Josh Bergeron is Cook’s successor as editor. Cook remembers him working as a reporter for her not so long ago. She is excited about the directions Bergeron will take the Post and true to a journalist, she is happy to be a part of a community with a paper that has a new, fresh voice.
She has great respect for co-anchor Ken Bastida. “He brings a breadth of experience to the anchor desk,” she says. “Part of the newscast is feeding off of each other, especially when there’s breaking news. It helps to know your co-anchors energy, know where they’re going.”
Despite the negative outlook on the industry and talk of the demise of newspapers, she wants reporters and editors not to be discouraged.
Elizabeth Cook Net Worth
Her 2019 salary and net worth are still under review.
Elizabeth Cook Twitter
Elizabeth Cook Interview
Meet Elizabeth Cook, Anchor KPIX 5 News CBS SF Bay Area
Q: What led to your decision to pursue a career in Broadcasting & Journalism?
EC: I had the privilege of working with Tom Brokaw when I was a senior in high school. Brokaw was the Grand Marshall of the Rose Parade, while I was on the Royal Court for the Tournament of Roses. I wasn’t sure what I wanted my major to be or what college I should choose. He encouraged me to pursue a career in journalism because of our mutual love of history and storytelling.
Q: How did your career start as news Anchor?
EC: My first job was as a reporter for the NBC station in Palm Springs, 6 months later I was promoted to Morning Anchor and then a few years after that I started anchoring the Evening Newscasts. I met my husband at that station. He was a photographer and we often worked together when I first started at the station. He later became the Sports Anchor/Director and then the Morning Anchor/Executive Producer, but we continued to do special reports together.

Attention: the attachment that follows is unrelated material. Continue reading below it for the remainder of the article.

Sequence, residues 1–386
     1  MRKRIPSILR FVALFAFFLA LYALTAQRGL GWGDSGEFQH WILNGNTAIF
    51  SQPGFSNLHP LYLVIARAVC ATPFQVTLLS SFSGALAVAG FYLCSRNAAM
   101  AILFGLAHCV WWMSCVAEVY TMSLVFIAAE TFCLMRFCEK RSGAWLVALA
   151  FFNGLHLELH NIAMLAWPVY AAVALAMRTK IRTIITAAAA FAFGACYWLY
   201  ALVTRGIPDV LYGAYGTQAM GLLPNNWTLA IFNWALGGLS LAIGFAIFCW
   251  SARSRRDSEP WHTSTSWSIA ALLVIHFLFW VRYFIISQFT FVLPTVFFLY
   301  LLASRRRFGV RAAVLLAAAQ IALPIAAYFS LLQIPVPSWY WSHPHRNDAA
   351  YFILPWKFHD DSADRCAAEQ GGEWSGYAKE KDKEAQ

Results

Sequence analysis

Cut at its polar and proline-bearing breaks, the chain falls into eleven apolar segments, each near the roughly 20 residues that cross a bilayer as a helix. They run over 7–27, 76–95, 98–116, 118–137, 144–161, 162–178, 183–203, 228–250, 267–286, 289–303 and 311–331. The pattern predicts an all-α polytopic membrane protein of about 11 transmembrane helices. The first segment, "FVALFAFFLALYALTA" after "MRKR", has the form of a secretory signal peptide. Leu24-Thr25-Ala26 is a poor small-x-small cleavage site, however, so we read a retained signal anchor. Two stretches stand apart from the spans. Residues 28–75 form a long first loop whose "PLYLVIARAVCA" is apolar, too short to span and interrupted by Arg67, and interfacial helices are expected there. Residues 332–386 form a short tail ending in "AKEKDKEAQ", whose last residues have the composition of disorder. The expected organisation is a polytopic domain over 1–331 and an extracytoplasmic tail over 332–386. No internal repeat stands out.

Q: Can you share with our audience one of your most memorable events you covered?
EC: Super Bowl 50. We anchored all our shows from a balcony overlooking Super Bowl City in San Francisco. I will never forget the excitement and adrenaline that went into that week.
Q: What is a typical day as a news anchor like?
EC: I get to work at about 2:45 pm. I shoot promos for our 5pm news and prepare for the newscast by reviewing scripts and making sure I am up to speed with the news of the day. I anchor the 5pm news and then typically have a report for the 6pm news. I then file an online news update that is transmitted through Amazon “Alexa” and other similar devices. I then work on a number of stories of upcoming projects. I usually have a report for the 10 pm news and then get ready to anchor the 11pm. I am also, of course, answering e-mails and updating social media throughout the evening. I get home about midnight.
Q: What advice would you give to young women who want to succeed in the workplace?
EC: Never let anyone tell you what are capable of. Keep your head down and just keep working. Listen to the people who have your best interests and ignore the other “noise”. Be true to yourself and be kind.
Q: What do you do for fun and relaxation?
EC: I love chasing after my 2-year-old boy, Beau and spending time with my husband. Those family moments when it’s just the three of us are everything.
Q: What’s the best advice anyone’s ever give you?
EC: Never, ever, ever give up.
Q: What do you like the most about living in the Bay Area?
EC: I love the diversity of people and places in the Bay Area. I love that I can go to the Sonoma and Napa Valley wine countries and then to Tahoe and Yosemite in the same weekend. The Bay Area is really the epicenter for innovation right now and it’s a privilege to live here during this exciting period of time.